General Mills Arbitration Ploy Could Backfire
Arbitration clauses hidden in the small print of many contracts take away consumers' right to sue in court, the right to a jury trial, the right to discovery of internal corporate documents, the right to class actions, the right to appeal, and other aspects of civil justice Americans take for granted.
Because binding arbitration can insulate corporations from liability for fraud, product defects, false advertising, even contaminated food and dangerous drugs, arbitration clauses have become more and more common in form contracts drafted by company lawyers. Exculpatory in nature, they eviscerate long-standing consumer protection laws.
Courts have held that consumers do not have to actually know what rights they are giving up, in order for hidden arbitration clauses to be enforceable. This is shocking. The absurdity of the fiction that purchasers have agreed to give up important consumer rights just by using a product, has given rise to a long-standing joke among advocates: namely, that a future arbitration clause could be hidden like a plastic prize at the bottom of a Cheerios box.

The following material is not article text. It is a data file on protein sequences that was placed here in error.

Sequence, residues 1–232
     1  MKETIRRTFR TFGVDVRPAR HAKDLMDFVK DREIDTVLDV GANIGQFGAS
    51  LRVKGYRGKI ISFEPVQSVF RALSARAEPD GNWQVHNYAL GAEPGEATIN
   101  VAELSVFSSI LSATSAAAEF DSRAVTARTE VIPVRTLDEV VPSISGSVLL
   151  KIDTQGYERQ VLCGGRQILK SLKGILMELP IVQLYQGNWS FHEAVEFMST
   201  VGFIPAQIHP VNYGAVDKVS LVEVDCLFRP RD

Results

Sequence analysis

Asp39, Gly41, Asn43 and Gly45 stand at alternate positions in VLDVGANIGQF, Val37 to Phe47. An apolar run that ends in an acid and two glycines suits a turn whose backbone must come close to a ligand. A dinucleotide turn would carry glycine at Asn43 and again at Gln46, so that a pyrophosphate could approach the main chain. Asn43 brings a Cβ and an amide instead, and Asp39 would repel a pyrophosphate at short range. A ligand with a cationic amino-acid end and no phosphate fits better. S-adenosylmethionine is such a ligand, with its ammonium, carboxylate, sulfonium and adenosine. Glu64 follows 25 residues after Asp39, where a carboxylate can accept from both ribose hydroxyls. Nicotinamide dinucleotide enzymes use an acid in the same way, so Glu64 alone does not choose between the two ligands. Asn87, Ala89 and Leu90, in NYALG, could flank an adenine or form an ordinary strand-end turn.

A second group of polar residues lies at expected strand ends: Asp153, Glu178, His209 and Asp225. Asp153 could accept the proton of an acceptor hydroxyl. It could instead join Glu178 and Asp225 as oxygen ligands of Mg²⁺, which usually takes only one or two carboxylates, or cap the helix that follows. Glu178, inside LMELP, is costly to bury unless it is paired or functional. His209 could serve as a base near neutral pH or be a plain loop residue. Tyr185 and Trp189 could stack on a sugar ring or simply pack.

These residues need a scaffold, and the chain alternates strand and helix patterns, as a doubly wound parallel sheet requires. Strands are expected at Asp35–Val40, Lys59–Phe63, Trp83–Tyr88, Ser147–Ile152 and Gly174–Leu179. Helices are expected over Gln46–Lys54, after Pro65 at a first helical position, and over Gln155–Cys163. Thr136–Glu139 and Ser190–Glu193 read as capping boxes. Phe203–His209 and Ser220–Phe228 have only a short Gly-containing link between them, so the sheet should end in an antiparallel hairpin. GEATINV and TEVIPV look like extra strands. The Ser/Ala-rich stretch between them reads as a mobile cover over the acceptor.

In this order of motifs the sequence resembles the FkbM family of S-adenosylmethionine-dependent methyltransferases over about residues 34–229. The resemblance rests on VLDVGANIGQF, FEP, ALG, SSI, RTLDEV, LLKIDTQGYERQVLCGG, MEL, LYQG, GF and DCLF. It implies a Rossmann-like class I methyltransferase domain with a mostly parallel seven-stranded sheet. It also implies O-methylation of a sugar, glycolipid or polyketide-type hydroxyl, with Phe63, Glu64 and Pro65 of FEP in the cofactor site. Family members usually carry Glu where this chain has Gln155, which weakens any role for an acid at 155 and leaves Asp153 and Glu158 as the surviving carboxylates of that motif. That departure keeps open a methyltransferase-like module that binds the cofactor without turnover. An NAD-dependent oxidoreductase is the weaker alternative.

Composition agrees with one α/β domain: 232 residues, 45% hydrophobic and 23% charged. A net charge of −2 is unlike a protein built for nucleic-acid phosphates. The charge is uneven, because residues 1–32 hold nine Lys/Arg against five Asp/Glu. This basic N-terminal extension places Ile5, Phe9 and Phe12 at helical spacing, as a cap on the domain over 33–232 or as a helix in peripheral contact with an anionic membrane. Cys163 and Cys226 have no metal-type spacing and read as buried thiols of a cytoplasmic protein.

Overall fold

That's no longer a joke. The future is here.
The food conglomerate General Mills recently posted a notice on its website that consumers give up their right to sue the company if they download coupons, like it on social media such as Facebook, or received any benefit from the company that can be accessed using the website. Since the website advertises the company's vast list of products, General Mills might argue that just buying its products would bind consumers to waive his or her rights and accept arbitration. The action brought an avalanche of unwelcome publicity, including articles in business journals, online new magazines and the New York Times.
A partial list of brands covered by the clause includes: Pillsbury, Betty Crocker, Hamburger Helper, Nature Valley, Wheaties, Chex, Bisquick, Cheerios, Total, Yoplait, even the organic favorite, Cascadian Farms. And, of course, Lucky Charms.
The cereal maker apparently doesn't know its own folklore. Legend holds that if a human catches a leprechaun, the mischievous little thief must grant its captor three wishes. The first wish any consumer of Lucky Charms should be simply: "I wish General Mills would give me back my rights."